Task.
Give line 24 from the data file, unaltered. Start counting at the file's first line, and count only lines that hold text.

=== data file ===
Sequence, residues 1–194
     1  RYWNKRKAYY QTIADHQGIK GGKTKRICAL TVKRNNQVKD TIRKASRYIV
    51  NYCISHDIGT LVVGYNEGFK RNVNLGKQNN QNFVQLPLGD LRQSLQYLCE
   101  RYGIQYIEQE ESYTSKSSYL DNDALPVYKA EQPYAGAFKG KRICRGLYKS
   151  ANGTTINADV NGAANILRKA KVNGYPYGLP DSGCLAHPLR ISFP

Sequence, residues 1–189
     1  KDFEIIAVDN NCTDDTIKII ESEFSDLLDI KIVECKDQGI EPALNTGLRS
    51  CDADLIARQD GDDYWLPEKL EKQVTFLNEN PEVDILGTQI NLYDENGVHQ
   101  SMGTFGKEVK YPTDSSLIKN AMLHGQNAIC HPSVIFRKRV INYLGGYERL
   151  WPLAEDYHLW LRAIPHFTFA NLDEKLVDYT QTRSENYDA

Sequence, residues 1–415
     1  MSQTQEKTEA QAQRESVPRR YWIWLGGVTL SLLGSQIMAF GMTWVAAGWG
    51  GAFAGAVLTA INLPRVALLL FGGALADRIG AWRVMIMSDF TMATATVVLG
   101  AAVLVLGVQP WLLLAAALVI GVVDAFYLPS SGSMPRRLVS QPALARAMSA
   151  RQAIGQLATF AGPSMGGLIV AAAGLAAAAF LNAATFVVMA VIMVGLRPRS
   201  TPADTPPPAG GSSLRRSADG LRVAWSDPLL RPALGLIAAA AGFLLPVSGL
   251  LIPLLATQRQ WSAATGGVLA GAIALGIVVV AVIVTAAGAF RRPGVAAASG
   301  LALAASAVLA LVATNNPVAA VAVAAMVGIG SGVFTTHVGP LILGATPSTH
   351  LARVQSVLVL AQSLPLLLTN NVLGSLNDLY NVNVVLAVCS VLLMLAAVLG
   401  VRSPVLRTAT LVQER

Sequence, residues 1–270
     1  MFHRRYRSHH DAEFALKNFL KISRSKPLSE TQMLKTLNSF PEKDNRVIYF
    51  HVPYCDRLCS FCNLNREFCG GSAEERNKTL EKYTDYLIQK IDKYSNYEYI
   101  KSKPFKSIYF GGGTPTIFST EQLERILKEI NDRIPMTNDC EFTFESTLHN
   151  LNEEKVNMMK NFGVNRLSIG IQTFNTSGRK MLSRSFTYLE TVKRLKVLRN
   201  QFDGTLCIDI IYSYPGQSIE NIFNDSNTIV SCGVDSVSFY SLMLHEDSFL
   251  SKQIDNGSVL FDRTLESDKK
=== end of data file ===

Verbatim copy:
   101  KSKPFKSIYF GGGTPTIFST EQLERILKEI NDRIPMTNDC EFTFESTLHN